Forests and biodiversity will almost certainly face challenges in the future years. As a result of this issue, additional protective and long-term strategies should be developed – all efforts to achieve long-term sustainability influence land-based life. The solution-oriented issues discussed will be a big step towards these challenges. There will be a decline in the use of wood for livelihoods, especially if the economy continues to expand, and therefore the problem of poverty may be reduced to a minimum. Health and education level will be positively affected by this situation. As long as forests and wetlands are protected, the services and opportunities offered will also result from these sustainable development goals. If plans progress as intended, the following will occur (Sayer et al. 2019):

  • There will be a greater displacement from rural to urban regions.

  • By emphasising agriculture, more mechanised farms will be developed. Industrial agriculture will increase trees and forests and improve efficiency (Laurance et al. 2013).

  • As the purchasing power increases, the demand for agricultural products will decrease, and the consumption of meat and dairy products will increase.

  • To access mineral resources, infrastructure will be expanded into forest regions.

  • The desire to be near nature and forest regions will raise the value of biodiversity and the ecosystem it supports (Tyrväinen et al. 2005).

  • Countries will transition to a green economy, and expanding forest lands will be added as a result.

  • Timber harvests from natural forests will be reduced.

  • Forest monitoring with remote sensing and “Internet of things” applications will become more common as new technologies emerge.

  • Initiatives to address climate issues will increase as forests are protected and restored.

  • There will be solutions developed to address the issue of forest fires induced by climate change.

By 2030, significant progress will be made, even if these targets are not finished. Ongoing studies and practices will ensure that life on land is protected (Sayer et al. 2019). When conducting these applications, an integrated and systematic strategy is necessary (Tremblay et al. 2020). The working principle of integration is used horizontally across policy domains, vertically from the global to the national and local levels and regionally across local governments (Kanuri et al. 2016). Localisation refers to the implementation of SDG practices at the local level. The methods adopted to accomplish global, national and subnational objectives and the process of monitoring these strategies are referred to as SDG localisation (Losada 2014). Although scientific research on cities and SDGs is growing (Barnett and Parnell 2016; Bibri and Krogstie 2017; Graute 2016), there is still a knowledge vacuum about how to best apply them at the local level (Fenton and Gustafsson 2017; Krellenberg et al. 2019).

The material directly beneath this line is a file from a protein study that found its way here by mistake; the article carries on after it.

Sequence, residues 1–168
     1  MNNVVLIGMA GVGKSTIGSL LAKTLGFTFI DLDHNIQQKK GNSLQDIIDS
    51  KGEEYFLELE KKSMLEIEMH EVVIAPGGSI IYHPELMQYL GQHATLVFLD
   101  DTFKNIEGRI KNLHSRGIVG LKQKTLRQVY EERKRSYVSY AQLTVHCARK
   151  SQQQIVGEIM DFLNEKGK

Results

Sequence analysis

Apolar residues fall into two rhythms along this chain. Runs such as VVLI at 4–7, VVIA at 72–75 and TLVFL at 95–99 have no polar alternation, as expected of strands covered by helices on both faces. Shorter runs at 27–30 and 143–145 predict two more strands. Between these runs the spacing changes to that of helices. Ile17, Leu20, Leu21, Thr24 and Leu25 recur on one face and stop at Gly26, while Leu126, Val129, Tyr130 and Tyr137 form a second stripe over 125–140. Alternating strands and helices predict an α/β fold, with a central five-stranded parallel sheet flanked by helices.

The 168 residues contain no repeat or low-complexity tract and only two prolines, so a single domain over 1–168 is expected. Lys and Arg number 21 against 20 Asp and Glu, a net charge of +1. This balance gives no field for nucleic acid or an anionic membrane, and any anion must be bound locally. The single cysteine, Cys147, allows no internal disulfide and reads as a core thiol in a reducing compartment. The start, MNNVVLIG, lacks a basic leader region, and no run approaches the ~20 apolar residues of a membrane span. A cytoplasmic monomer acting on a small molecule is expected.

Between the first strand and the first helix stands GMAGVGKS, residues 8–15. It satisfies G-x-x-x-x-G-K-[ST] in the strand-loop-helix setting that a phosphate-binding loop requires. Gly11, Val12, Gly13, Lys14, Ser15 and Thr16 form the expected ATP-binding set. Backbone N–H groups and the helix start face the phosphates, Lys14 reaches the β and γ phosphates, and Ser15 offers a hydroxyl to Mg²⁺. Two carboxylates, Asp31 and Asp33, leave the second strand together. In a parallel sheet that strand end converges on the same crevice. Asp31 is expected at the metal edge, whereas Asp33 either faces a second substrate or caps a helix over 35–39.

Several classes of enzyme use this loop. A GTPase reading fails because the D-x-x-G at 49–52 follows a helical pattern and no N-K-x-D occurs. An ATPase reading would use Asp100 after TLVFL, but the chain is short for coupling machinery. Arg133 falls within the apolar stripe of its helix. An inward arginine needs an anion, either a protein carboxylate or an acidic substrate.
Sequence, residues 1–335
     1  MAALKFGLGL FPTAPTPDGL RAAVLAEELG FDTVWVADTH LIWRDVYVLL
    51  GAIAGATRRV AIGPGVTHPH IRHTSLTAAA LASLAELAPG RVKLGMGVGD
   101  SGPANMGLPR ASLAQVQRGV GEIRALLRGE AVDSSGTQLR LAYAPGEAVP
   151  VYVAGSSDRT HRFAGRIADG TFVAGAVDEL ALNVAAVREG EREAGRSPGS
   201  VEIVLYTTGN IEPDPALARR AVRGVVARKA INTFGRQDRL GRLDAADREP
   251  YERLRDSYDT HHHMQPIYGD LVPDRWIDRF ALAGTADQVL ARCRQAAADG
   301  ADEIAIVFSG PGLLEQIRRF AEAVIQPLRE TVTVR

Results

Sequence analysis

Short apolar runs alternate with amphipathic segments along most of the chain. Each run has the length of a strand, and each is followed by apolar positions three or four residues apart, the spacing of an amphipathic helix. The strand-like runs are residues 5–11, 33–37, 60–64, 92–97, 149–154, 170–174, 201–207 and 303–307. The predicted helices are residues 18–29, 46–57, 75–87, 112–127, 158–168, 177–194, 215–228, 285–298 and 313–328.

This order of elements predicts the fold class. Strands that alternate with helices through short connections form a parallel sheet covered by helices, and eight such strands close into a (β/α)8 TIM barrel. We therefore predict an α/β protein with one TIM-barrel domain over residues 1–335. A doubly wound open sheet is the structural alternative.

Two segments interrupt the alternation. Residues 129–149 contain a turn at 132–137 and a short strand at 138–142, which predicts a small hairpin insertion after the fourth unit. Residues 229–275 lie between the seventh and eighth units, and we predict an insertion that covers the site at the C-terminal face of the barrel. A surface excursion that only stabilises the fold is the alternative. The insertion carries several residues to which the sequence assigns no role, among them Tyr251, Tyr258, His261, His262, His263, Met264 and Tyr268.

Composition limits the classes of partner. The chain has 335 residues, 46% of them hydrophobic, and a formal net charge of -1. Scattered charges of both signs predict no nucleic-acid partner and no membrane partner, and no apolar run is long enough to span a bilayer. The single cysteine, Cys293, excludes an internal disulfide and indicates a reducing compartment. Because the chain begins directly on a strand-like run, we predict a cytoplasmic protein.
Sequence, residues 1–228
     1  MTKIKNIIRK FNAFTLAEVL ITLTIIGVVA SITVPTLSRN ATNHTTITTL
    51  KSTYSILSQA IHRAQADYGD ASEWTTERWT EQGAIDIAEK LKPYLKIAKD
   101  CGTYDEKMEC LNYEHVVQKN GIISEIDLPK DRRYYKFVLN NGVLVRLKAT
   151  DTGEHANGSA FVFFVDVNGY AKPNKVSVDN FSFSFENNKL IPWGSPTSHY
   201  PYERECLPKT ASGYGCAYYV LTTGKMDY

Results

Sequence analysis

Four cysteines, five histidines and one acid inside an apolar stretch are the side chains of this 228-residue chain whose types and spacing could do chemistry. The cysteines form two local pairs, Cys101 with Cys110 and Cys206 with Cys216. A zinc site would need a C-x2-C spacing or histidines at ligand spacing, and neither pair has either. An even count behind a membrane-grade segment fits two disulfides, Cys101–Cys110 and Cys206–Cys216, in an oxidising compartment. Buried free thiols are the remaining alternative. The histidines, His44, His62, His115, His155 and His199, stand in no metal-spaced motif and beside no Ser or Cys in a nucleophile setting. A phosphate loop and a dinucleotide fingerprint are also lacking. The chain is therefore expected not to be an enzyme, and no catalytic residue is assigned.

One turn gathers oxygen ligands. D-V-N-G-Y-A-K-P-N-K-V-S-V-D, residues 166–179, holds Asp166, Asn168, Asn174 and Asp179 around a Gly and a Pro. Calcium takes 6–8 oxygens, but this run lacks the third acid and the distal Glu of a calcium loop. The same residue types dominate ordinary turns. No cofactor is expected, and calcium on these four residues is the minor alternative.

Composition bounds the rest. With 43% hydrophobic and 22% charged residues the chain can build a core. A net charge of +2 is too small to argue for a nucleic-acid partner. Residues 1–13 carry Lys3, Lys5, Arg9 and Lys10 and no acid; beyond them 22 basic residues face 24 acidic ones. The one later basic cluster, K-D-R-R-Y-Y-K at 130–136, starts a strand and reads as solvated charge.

Together with SDG-15, it is aimed to integrate the international conventions and agreements made for the continuation of life on land with other targets (Sayer et al. 2019). Ecosystems and forests are important from an economic point of view. SDG-15.1 aims to protect ecosystems and their economic values (Dempsey 2016). Payments for ecosystem services (PES), an economic and environmental approach, aim to protect biodiversity by internalising the real value of biodiversity (Pirard 2011). With this approach, the protected ecosystem will provide more services and be good for both the economy and biodiversity in the long run (Pirard 2011). To sustain the business world fed by natural resources, it is necessary to protect the ecosystem. Since institutions take over ecosystems, the focus is on generating income from biodiversity rather than protecting it. The forestry sector is a good example of this situation. The environmental standards determined to protect the ecosystem in public institutions and companies have been stretched under the name of economic incentives (Lovera 2017). Current business models and economic approaches are not sustainable. Evaluating, optimising and minimising the effect and dependency of businesses on the land and ecosystems is a direct way for businesses to support life on land (“SDG 15” 2021). Integrating socio-economic development activities into protection plans as a method of ensuring long-term resource utilisation necessitates a thorough knowledge of the interconnections between humans and natural processes (Bridgewater et al. 2015).

17.1 Companies and Use Cases

Table 17.1 presents the business models of 45 companies and use cases that employ emerging technologies and create value in SDG-15. We should highlight that one use case can be related to more than one SDG and it can make use of multiple emerging technologies. In the left column, we present the company name, the origin country, related SDGs and emerging technologies that are included. The companies and use cases are listed alphabeticallyFootnote 1.

Table 17.1 Companies and use cases in SDG-15